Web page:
Technology in the trenches: The state of point-of-care testing

July 1, 2011

Many years ago, it was customary for pediatricians to maintain a small office clinical lab that included a hematocrit spinner as well as an incubator used for throat and urine cultures.

Key Points

In the late 1980s, pediatricians were introduced to point-of-care tests (POCTs) to expedite diagnosis and facilitate treatment of our patients. This article presents a brief overview of POCTs in pediatric practice and offers guidance regarding which POCT would best suit your practice and practice style.

Many years ago, it was customary for pediatricians to maintain a small office clinical lab that included a hematocrit spinner as well as an incubator used for throat and urine cultures. Urine dipstick testing was done as well, and very busy pediatric offices also performed complete blood counts (CBCs) and serum chemistries using devices designed specifically for medical offices.

In the mid-1980s, pediatricians routinely began performing rapid strep tests, and eventually a typical office lab "rapid test" repertoire grew to include fecal occult blood testing, urine dipstick urinalysis, mononucleosis testing, urine pregnancy tests, and photometric assays for quantitative hemoglobin determination.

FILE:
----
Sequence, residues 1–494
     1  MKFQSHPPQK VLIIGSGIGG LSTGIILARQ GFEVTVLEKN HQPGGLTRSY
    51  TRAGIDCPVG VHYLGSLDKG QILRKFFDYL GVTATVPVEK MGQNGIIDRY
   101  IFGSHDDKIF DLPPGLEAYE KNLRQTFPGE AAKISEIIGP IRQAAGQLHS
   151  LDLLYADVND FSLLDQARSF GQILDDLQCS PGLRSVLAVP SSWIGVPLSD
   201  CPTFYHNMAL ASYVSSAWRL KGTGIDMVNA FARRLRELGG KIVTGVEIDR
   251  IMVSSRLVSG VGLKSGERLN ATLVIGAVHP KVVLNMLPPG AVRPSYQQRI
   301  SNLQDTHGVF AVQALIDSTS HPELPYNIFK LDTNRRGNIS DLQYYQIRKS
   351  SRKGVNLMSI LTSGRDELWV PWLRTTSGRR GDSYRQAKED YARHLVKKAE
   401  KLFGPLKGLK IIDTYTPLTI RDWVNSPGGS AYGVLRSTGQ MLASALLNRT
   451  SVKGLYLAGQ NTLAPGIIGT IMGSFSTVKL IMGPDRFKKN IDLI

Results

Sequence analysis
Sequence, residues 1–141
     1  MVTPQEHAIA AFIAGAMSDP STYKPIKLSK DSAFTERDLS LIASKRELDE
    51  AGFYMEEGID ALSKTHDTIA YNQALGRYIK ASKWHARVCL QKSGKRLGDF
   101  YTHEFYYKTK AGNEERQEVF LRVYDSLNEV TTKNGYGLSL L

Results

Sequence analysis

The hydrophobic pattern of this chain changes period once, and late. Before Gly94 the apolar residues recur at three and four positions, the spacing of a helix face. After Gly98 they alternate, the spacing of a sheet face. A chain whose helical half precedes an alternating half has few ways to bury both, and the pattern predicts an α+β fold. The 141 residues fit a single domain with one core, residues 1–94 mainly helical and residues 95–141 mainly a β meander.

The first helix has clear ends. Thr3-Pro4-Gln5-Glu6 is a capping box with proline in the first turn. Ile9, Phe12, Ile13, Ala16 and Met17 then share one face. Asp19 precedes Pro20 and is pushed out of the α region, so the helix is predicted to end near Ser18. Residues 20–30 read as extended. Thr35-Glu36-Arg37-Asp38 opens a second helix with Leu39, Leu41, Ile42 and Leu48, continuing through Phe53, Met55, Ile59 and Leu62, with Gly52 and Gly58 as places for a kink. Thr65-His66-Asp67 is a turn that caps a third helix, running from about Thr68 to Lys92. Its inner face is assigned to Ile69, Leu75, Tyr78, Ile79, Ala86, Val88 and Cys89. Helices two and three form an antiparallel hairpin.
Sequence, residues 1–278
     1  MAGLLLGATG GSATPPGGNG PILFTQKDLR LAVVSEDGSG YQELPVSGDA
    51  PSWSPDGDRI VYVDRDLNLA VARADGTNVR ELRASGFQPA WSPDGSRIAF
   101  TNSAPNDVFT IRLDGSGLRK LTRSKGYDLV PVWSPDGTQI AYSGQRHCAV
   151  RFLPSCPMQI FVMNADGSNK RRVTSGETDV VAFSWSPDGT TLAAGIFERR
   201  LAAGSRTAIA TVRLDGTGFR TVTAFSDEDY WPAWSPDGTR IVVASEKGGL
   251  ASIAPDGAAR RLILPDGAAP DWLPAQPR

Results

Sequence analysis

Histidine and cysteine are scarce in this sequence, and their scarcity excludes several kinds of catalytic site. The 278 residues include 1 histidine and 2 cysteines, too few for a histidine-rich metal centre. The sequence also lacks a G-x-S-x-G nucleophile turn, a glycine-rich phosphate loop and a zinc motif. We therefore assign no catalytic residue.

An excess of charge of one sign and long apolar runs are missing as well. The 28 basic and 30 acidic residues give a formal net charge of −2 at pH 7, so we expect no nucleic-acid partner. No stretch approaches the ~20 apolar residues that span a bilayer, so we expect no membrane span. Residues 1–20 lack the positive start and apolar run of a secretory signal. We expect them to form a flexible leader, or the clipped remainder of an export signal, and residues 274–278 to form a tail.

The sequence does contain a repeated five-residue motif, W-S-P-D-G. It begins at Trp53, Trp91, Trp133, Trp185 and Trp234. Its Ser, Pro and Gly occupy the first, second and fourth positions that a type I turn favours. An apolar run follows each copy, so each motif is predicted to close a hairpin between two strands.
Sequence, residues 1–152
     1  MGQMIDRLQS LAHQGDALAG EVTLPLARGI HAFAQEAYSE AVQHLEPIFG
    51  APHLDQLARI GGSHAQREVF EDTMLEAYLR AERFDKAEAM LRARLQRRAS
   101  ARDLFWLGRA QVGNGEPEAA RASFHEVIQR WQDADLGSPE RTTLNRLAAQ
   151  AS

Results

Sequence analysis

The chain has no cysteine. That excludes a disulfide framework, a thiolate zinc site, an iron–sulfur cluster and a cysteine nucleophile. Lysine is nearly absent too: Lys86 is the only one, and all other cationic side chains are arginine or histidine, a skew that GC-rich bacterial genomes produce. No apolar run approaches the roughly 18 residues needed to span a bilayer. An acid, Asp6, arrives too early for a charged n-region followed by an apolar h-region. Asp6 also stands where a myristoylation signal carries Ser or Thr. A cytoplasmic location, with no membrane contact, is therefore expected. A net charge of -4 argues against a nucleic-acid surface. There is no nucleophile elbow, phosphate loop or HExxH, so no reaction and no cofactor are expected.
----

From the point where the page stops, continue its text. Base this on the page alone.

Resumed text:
Today . . .

Most pediatric offices now perform tests in the CLIA '88 "waived" category, which are devices and tests cleared by the US Food and Drug Administration (FDA) that are so simple to use that they make erroneous results unlikely, pose no serious risk to patients if the test were performed incorrectly, or are FDA cleared for home use (see, "Some CLIA '88 Waived Tests").1

Waived POCTs have grown in number and include more than 70 different tests. There are considerations involved in developing and maintaining a top-notch office laboratory-including deciding which tests you should be performing and understanding "real world" POCT "accuracy."